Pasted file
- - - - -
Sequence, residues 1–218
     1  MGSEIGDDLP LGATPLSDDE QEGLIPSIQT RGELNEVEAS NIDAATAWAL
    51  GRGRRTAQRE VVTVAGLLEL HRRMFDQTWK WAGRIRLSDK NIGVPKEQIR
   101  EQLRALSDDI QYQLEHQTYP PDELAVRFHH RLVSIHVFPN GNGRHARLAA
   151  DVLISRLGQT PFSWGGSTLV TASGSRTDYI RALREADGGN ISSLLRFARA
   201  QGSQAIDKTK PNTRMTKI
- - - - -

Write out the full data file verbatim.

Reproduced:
Sequence, residues 1–218
     1  MGSEIGDDLP LGATPLSDDE QEGLIPSIQT RGELNEVEAS NIDAATAWAL
    51  GRGRRTAQRE VVTVAGLLEL HRRMFDQTWK WAGRIRLSDK NIGVPKEQIR
   101  EQLRALSDDI QYQLEHQTYP PDELAVRFHH RLVSIHVFPN GNGRHARLAA
   151  DVLISRLGQT PFSWGGSTLV TASGSRTDYI RALREADGGN ISSLLRFARA
   201  QGSQAIDKTK PNTRMTKI